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The Lasagna Pan
I will walk or drive by a thrift shop and look the other way to avoid the temptation of going in. Don’t get me wrong, I love thrift stores, but I end up buying things I don’t need just because they were a bargain. The thrift store to me is like a Shop-Vac hose running over the floor in a construction area - it draws in and sucks up everything that is near its opening.
I sat at the red stop light, waiting for it to turn green. The Goodwill Store was ahead on the other side of the intersection. I could have turned right to avoid driving near the store, but then I thought how it gets lonely working by myself on my current project. “I could buy a cheap radio for the house.” I said, “It would break the silence.” I went straight through the intersection and pulled into the Goodwill parking lot.
Inside, I promptly found a three-dollar radio I wanted and started for the checkout lane. Suddenly I felt an irresistible force pulling at me. It was drawing me to the kitchen section to see if there wasn’t something there I couldn’t live without. “Be strong, man. Turn away.” I said, but then I caved in; besides, the kitchen stuff was on the way to the front counter - sort of. What would it hurt to just look?
I viewed the shelves full of bowls and pans and misfit lids. Then, there it was, on the third shelf up from the bottom. A 9x12” baking pan. It was white on the inside; dark brown on the outside. It wasn’t a regular glass baking dish, it was pottery, more like a bean pot. It had handles on each end and the sides were wavy, but most of all it was extra deep. “Man, this would be the perfect lasagna pan.” I said as I examined the dish inside and out, looking for chips. It was in good condition and only $5.99. I set the radio inside the dish, picked it up and started for the front counter. Then I turned around and set it back on the shelf. “You don’t need to spend that six bucks.” I said, and turned to leave.
I got just a few feet away before I went back and picked the piece up again. “I’m going to buy it.” I said. On the way to the register I convinced myself, “I don’t need another baking dish. Just put it back and go home!” I set it on the shelf and stepped briskly toward the register. Waiting in line, I thought again how unique the dish was. “You’ll probably never see another one like it.” I said. Geesh! What a dilemma. I stepped out of line and went back to get the dish, second guessing myself all the way to the kitchen area.
When I got there another lady was holding the brown dish, turning it over and over to examine it inside and out looking for chips. I stood back, acting like I was looking at something else. I thought she was going to put it in her cart, then she lifted it back toward the shelf but never quite set it down. She started looking it over again; she couldn’t decide either.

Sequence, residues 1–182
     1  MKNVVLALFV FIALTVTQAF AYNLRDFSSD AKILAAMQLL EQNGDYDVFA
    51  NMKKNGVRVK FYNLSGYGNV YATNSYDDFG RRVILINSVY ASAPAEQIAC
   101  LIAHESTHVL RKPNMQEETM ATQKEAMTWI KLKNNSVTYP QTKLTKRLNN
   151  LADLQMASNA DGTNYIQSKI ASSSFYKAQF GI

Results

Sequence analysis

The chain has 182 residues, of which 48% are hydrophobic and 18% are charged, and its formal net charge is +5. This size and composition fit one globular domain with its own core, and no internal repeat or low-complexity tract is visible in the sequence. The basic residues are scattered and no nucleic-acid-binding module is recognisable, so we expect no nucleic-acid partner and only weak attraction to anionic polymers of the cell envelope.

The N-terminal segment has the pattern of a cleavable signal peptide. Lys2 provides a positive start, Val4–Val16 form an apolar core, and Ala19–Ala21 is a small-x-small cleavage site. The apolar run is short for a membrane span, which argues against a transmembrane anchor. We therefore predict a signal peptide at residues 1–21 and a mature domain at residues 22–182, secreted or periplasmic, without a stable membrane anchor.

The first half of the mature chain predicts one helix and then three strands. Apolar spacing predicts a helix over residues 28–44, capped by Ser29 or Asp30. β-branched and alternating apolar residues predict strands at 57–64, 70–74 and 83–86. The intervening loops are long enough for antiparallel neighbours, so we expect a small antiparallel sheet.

I finally said to her, “If you’d just put that in your cart it would confirm my decision that I don’t need it.” She looked at me and said, “That’s the problem. I don’t really need it either, but it’s such a cool dish and I love the high sides” “Do you know what that dish would be really good for?” I asked her. We answered in unison, “Lasagna!” We shared a good laugh about that.
“I’ll assume you make your own lasagna?” I queried. “Yes I do and it is delicious!” She said. We discussed recipes, each telling just enough to show that we made a mean lasagna, but not giving away any secrets either.
I learned her name was Sheryl. After a few minutes she took the item from her cart, handed it to me and said, “Here, you take it.” “Are you sure?” I asked. “Yes, I’m sure. I don’t need another pan.” She assured.
Next, we talked about pies and pie crust, again sharing recipes without telling too much. It turns out we both make pies and often give them away. She seemed to be such a generous person, I handed her the brown dish. “I want you to have this.” I said to her and she graciously took the dish and placed it in her cart.
Sheryl told me she was the night manager at the Perkins restaurant in Winona. We talked about how we like cooking for other people and taking meals to people when they needed a hand. Sheryl reached in her cart and handed me the brown dish, “Here you take it.” She said. “No it’s yours.” I replied. “I insist, you take it.” She said again. I thanked her, and took the dish.
We said our farewells, “It was nice meeting you and chatting with you.” I said to her. “You too,” She replied as we went our separate ways.
We ran into each other again in the checkout line at the at the register. “Are you positive?” I asked Sheryl one more time. She chuckled, “Take your pan and enjoy it!” We shared another good laugh.
I got into my car with my brown pottery baking dish sitting it in the front seat next to me. Glancing at it, I said to myself. “You really should have let her have the dish.” But she wanted me to have it, too. I decided, as much as I liked the dish, I could just as easily live without it.
What is it about thrift stores? Are we really that obsessed with finding an item we just can’t live without? Is it the bargain we seek? Or finding the perfectly unique item and snatching it up before someone else gets it? I think it might be the comradery; meeting new people, sharing good conversation and fun stories. Maybe that’s what draws me to the thrift store.
In truth, it is that interaction with other people; making new friends. That’s the treasure I can’t live without, which I sometimes find in a thrift store. Finding an attractive dark brown 9X12”, extra deep, pottery baking dish that’s perfect for lasagna for under six bucks? That’s just a bonus.
Tom can be reached for comment at Facebook.com/Tom.palen.98
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